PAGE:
The Relationship Between the FMS and Injury Risk
As the The Functional Movement Screening has become more popular, some have used this Assessment for purposes it was not intended.
It was NOT intended to:
- By itself be a comprehensive system for injury risk
- Determine a medical diagnosis or precisely pinpoint where the problem is
- Be used as a direct performance metric
Eleven studies found some relationship with FMS and injury in American Professional Football, collegiate athletes, military officer candidates, US army rangers, firefighters, and male competitive runners (ages 18 – 24). In meta-analysis completed by Dorrel et al (2015), the FMS provides adequate specificity (85%) and low sensitivity (24%). This basically means that if you have a low FMS score, you are more likely to get hurt. However, having a high FMS score does not protect you from injury.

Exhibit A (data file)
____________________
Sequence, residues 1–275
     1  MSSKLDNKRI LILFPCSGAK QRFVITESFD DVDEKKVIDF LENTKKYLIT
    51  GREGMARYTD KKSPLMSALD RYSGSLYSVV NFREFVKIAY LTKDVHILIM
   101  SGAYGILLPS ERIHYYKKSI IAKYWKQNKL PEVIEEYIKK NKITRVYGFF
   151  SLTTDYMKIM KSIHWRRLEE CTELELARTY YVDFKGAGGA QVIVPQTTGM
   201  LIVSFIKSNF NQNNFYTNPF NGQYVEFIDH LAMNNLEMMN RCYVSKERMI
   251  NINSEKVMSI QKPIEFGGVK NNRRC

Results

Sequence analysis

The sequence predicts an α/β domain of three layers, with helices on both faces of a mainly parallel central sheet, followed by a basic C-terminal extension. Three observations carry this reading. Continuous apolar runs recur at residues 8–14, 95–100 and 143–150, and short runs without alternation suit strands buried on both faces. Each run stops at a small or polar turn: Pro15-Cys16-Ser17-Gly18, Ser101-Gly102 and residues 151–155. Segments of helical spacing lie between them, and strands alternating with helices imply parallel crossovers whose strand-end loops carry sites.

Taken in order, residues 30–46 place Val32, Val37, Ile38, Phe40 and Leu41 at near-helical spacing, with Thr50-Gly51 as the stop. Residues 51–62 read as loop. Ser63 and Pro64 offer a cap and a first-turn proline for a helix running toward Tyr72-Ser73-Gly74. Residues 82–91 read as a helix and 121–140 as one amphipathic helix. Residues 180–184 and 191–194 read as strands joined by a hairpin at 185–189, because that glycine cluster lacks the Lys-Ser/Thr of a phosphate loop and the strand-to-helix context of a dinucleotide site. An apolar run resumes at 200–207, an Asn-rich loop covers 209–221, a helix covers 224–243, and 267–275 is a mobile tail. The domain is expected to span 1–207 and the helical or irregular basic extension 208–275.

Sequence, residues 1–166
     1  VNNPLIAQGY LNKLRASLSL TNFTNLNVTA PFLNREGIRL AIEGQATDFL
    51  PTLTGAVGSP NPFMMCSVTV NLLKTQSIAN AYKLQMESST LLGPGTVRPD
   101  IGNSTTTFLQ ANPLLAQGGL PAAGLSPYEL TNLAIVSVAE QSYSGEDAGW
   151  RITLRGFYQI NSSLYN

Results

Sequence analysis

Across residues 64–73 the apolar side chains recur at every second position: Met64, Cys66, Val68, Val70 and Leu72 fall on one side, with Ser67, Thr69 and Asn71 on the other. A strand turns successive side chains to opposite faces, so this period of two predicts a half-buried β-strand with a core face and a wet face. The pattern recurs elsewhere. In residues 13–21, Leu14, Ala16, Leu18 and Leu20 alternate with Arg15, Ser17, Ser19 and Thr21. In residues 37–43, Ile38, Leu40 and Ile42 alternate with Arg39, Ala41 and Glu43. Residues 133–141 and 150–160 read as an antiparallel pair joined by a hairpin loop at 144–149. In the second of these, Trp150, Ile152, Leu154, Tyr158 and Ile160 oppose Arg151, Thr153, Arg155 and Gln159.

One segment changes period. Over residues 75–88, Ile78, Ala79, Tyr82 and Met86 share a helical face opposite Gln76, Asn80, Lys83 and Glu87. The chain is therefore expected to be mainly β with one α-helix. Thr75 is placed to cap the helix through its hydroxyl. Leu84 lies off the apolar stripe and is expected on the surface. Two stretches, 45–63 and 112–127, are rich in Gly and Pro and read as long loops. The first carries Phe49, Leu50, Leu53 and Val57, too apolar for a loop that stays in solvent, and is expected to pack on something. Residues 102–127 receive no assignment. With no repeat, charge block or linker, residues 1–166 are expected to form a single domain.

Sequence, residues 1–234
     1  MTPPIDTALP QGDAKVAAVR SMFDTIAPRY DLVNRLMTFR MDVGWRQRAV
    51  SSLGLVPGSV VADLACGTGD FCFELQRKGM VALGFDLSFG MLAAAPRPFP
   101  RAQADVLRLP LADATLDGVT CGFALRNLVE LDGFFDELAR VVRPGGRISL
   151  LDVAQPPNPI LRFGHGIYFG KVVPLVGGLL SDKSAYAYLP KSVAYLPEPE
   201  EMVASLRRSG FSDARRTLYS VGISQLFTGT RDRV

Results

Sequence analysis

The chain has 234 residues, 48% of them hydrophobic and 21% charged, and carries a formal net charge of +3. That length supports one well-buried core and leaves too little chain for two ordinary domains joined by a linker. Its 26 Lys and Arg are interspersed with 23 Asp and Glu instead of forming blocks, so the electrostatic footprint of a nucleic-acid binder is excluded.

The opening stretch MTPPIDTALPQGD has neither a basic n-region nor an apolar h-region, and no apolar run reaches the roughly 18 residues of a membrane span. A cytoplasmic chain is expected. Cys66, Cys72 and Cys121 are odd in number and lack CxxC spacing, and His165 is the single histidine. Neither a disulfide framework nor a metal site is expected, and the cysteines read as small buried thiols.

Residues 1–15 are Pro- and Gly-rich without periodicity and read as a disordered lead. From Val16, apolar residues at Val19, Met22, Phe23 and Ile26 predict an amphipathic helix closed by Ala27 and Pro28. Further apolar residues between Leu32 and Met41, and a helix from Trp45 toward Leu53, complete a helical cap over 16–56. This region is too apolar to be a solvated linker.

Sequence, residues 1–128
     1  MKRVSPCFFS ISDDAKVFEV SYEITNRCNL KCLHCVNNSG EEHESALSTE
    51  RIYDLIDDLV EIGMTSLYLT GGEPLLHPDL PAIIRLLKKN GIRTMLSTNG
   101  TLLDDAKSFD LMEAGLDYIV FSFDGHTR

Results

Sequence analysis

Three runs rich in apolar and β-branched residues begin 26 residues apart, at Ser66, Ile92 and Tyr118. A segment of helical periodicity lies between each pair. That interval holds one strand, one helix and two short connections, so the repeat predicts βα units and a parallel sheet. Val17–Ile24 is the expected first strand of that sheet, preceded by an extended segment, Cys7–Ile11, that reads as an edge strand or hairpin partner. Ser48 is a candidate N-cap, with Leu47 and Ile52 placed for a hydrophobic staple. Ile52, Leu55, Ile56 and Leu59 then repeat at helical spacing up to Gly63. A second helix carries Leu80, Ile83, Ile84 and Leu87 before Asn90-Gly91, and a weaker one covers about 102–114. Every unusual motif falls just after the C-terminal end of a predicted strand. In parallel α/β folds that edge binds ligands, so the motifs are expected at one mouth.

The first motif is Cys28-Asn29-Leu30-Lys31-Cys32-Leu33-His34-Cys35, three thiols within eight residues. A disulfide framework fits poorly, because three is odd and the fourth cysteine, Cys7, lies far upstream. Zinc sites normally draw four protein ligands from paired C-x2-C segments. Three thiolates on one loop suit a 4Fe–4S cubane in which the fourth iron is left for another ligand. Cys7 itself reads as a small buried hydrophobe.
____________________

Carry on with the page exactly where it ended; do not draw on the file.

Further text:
Professionals should utilize multiple risk factors and weigh those factors when determining and managing individual injury risk. Using a multi-factorial injury risk algorithm that weights pain first and then multiple aspects of other factors such as (Injury History, Functional Movement Screen, Y Balance Test Lower Quarter) is recommended. Intervention and resources should be matched to the appropriate category.
At Reset-Wellness the FMS is one of the tools we use. We are different because of Peter’s experience as a physical therapist. Read More